Lollipop Chainsaw is, undoubtedly, a high-score fest. Destructoid’s review compares it to the SEGA classics House of the Dead and Crazy Taxi – odd comparisons for a hack and slash game. But it’s true, much like the game of Diablo III has barely started by the time you beat the story once, Lollipop Chainsaw begs to be played again and again so you can rack up a massive score.
Okay, score is important in Lollipop Chainsaw, what’s the big deal, and how is this related to usability at all? It’s how the score is presented to the player. It looks like the game is producing some seriously fuzzy math, and it’s an example of how important it is to mind your users’ expectations.
I snapped this screenshot at the end of stage 5. Take a close look at these numbers:
The screenshot claims my score is 384,620. But if you add up the numbers that are above it, those don’t total anywhere close to that – it’s only 28,720, less than 10% of my total score.
Where on earth is the other 90% of my score coming from? Apparently I did pretty well somewhere, as I got an A+ in total score despite receiving zero A-pluses in the listed scores. Of course, the answer is simple – it comes from killing zombies, among other in-game score bonuses that aren’t listed on this screen.
The point is, the way this screen is laid out it looks like those numbers should add up. The user’s expectation is that a stack of numbers followed by a large number at the bottom indicates that the big number is a total of what’s listed above. When the interface doesn’t fit the user’s mental baggage, it means they have to stop and think for a second what’s going on.
And there’s a fair amount of consideration to have on this screen – consider that the letter grade next to my score is an A+, while my overall rank is a C+ (which is an average of all the letter grades on this screen). You can figure it out, but on first glance, one would think those values should be the same. Not to mention my “hunter level” of 18.0, whatever the heck that means. That’s three different scores that all seem to represent how well I did in the level, and I don’t really know which of them to believe.
I’m deeming this one “Mark’s law of number stacks”: If you’re putting a stack of numbers on top of another, larger number, everyone expects that the big number is a total of the smaller numbers. This is what we’ve been taught since the first grade – don’t mess with it. In this example, if Lollipop Chainsaw pushed that score over to the right side (where the other aggregate figures are), it wouldn’t have triggered those same thoughts. So make sure that you’re aware of what mental models your users already have before using your interface.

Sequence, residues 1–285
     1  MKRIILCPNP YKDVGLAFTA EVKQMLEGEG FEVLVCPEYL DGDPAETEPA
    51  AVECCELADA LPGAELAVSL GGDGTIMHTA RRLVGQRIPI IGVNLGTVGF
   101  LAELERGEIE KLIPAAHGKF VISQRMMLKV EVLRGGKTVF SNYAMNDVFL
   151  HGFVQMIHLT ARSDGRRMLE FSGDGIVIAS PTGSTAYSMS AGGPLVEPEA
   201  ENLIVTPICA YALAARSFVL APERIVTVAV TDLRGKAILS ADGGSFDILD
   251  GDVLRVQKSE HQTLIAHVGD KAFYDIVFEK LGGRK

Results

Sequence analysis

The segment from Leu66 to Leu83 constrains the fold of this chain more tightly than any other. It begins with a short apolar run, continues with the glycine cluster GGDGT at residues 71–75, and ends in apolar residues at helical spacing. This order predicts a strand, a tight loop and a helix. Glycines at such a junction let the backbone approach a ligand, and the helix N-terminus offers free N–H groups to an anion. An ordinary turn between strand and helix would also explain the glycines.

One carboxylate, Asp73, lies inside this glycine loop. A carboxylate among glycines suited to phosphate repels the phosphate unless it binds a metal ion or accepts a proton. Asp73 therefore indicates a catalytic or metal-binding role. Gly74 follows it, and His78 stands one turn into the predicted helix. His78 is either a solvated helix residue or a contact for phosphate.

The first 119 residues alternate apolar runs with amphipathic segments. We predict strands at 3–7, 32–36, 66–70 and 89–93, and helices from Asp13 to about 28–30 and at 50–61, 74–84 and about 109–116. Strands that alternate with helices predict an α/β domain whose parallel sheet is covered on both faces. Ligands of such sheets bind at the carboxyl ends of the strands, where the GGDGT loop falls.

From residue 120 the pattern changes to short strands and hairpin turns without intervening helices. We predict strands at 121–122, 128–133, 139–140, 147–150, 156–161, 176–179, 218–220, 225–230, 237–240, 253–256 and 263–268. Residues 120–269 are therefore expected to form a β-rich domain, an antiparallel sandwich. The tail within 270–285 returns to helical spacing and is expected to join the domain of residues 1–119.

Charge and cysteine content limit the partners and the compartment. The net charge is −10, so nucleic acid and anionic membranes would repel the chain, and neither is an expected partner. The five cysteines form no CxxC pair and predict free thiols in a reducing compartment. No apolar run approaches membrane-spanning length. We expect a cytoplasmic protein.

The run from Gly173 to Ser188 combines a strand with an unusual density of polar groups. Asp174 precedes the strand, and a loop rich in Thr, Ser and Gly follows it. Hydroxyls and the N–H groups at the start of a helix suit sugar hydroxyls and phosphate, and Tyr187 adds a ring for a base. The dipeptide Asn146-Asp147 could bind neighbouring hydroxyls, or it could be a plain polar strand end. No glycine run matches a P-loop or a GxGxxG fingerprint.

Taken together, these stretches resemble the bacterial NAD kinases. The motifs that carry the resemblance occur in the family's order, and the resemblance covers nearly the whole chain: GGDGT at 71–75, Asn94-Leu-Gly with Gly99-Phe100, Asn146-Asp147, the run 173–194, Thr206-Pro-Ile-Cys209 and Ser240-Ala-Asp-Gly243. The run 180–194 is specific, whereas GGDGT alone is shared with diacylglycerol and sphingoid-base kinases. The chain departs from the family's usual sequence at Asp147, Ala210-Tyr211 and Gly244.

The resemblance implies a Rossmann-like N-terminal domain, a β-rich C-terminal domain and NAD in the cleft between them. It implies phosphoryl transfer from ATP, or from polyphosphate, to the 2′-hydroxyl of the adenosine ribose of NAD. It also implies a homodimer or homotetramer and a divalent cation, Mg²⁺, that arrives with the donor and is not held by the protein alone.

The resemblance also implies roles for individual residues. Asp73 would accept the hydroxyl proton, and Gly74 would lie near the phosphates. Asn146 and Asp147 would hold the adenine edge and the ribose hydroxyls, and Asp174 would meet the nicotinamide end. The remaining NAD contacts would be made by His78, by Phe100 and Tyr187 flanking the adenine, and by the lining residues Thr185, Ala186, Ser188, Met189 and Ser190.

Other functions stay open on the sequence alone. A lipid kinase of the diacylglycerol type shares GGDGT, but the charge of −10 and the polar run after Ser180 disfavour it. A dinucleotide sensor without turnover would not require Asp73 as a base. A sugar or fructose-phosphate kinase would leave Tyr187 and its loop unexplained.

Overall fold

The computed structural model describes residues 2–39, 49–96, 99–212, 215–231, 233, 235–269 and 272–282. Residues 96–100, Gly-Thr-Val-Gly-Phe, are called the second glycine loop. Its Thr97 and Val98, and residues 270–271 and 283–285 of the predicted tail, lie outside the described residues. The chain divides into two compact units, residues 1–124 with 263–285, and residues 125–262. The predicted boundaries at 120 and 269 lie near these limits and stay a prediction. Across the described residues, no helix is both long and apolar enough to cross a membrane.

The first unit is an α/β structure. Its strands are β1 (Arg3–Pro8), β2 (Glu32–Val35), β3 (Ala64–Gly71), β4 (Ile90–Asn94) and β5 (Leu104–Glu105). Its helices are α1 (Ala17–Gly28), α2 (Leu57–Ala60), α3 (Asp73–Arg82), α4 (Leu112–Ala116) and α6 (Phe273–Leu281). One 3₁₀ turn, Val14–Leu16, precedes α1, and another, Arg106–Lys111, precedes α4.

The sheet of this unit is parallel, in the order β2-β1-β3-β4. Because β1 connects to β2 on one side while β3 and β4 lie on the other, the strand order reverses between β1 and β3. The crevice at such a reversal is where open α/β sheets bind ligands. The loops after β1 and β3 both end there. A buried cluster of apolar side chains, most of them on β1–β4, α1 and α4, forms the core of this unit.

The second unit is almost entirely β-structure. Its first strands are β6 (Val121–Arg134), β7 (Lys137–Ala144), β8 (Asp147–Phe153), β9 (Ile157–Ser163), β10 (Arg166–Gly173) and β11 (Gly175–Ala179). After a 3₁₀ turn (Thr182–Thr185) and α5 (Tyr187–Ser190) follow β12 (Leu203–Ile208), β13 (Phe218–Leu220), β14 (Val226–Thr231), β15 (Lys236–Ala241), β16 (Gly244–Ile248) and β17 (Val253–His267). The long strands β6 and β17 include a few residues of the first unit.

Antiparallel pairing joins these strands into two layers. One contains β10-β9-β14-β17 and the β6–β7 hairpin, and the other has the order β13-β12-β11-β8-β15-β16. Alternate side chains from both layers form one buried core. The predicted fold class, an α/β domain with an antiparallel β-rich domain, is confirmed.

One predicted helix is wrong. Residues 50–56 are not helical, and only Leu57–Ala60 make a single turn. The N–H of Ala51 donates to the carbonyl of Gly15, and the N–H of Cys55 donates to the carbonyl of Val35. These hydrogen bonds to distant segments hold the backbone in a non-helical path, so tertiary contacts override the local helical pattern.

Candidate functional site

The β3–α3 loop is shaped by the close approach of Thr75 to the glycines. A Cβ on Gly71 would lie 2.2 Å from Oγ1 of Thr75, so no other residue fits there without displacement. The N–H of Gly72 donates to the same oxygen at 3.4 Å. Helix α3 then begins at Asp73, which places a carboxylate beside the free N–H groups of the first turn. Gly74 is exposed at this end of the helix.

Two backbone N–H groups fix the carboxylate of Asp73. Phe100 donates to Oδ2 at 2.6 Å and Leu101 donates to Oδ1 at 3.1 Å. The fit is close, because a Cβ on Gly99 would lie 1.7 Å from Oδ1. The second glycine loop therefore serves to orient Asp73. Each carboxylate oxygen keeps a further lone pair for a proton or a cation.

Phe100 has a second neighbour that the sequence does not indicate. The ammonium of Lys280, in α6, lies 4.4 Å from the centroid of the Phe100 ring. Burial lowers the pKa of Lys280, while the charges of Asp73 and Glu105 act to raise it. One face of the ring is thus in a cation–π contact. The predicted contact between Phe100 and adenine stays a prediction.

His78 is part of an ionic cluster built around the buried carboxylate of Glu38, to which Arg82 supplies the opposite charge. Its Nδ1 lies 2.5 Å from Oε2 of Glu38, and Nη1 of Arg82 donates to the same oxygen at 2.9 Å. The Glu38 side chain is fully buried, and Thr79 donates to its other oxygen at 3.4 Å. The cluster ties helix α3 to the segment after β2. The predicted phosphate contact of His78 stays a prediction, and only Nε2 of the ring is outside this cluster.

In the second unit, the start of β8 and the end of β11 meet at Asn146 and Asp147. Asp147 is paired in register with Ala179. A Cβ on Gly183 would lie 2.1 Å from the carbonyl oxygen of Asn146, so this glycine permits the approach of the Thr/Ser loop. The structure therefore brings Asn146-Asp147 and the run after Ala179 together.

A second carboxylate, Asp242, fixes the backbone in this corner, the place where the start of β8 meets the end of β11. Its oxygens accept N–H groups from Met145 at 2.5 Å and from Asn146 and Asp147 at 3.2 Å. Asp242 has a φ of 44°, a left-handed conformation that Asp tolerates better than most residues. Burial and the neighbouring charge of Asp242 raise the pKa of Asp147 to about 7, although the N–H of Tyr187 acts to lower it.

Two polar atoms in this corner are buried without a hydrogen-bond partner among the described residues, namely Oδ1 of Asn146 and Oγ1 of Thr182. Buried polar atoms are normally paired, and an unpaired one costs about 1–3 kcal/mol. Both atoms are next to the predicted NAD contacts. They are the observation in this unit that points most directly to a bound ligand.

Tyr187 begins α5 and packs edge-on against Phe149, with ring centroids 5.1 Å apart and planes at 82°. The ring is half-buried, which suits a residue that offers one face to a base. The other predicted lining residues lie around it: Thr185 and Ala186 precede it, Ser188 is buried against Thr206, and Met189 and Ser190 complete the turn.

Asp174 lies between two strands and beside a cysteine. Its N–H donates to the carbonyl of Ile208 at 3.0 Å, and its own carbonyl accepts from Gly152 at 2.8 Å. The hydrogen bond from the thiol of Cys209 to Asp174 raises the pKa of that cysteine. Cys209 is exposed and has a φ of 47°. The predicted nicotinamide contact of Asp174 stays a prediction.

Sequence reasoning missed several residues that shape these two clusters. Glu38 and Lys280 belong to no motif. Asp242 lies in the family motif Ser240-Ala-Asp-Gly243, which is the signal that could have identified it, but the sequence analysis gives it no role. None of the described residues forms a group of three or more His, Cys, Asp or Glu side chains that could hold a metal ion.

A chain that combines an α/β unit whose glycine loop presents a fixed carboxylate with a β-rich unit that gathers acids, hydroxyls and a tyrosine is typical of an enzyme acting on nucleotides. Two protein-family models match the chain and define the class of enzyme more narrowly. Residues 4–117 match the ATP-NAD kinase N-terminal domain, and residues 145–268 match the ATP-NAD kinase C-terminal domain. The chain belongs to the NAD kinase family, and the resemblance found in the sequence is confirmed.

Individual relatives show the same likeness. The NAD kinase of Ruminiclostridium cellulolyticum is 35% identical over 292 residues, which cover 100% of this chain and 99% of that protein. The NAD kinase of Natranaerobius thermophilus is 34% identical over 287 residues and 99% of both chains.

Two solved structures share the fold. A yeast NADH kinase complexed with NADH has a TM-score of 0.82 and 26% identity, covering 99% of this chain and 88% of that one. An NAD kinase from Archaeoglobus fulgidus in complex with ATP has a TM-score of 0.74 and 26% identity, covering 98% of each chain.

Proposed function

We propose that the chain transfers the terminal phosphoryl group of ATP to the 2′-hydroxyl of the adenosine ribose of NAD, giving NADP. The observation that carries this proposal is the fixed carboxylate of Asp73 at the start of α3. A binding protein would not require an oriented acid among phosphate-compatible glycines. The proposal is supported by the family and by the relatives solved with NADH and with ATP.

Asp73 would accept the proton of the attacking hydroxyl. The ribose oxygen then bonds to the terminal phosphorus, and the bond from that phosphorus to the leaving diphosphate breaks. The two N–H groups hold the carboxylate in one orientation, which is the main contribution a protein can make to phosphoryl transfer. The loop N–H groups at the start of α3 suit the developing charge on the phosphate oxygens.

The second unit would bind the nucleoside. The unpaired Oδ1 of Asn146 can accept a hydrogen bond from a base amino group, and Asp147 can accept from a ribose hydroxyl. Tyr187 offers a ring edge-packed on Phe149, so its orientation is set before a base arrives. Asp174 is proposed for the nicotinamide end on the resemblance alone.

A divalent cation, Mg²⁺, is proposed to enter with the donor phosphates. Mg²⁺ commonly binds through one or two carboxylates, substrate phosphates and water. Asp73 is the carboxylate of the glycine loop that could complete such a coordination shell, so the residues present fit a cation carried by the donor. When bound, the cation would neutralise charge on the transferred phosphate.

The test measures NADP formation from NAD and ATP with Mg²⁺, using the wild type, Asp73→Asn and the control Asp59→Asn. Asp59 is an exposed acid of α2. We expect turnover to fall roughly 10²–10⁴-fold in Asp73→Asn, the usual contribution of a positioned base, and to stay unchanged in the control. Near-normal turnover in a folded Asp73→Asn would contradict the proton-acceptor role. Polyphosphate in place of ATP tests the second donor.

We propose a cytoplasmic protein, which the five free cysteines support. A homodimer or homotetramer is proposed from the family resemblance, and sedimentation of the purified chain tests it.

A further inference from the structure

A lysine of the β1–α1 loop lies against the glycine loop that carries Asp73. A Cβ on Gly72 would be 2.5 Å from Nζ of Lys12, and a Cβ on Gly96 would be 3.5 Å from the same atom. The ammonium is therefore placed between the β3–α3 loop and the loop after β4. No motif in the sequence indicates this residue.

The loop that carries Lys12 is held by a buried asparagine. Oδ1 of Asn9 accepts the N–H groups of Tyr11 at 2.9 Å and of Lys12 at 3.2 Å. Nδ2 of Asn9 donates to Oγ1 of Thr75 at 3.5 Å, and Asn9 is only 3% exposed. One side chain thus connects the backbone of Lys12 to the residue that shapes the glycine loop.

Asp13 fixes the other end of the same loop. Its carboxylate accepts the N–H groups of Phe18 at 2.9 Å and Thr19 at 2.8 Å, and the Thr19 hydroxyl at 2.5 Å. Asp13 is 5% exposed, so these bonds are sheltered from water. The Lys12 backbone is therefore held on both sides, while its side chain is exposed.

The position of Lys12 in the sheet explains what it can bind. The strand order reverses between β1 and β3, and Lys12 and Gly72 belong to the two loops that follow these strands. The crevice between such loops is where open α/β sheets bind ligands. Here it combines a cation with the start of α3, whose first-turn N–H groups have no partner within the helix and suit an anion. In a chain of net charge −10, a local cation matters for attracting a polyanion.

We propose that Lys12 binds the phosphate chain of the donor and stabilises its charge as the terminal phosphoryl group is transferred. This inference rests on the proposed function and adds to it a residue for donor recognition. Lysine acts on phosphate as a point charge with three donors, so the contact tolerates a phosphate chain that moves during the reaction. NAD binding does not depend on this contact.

Joel Spolsky’s excellent book “User Interface Design for Programmers” has a chapter on user’s expectations, and it’s actually available online as a blog post. The examples are a little dated but the concepts are still highly relevant; I highly recommend it.
Now I’m off to see if I can do something about that C+…
While I agree with the core of what you describe here, it’s a bit misleading when considering you only showed the final screen.
Here’s the full score calculation animation: you see the statistics (including base score) and ranks first, then a bit later the score modifiers appear, and a bit later again the final score overwrites the base score, and then finally the trophy, overall rank and hunter level are displayed.
When fully viewed, it’s obvious the final score isn’t a simple top-to-bottom total, but that detail is easy to miss.
Interesting…you’re right, that animation should have been a clue, but apparently I blew right past that. Thanks for the heads up, I’ll see if I can get some video of that in action.
No problem! 🙂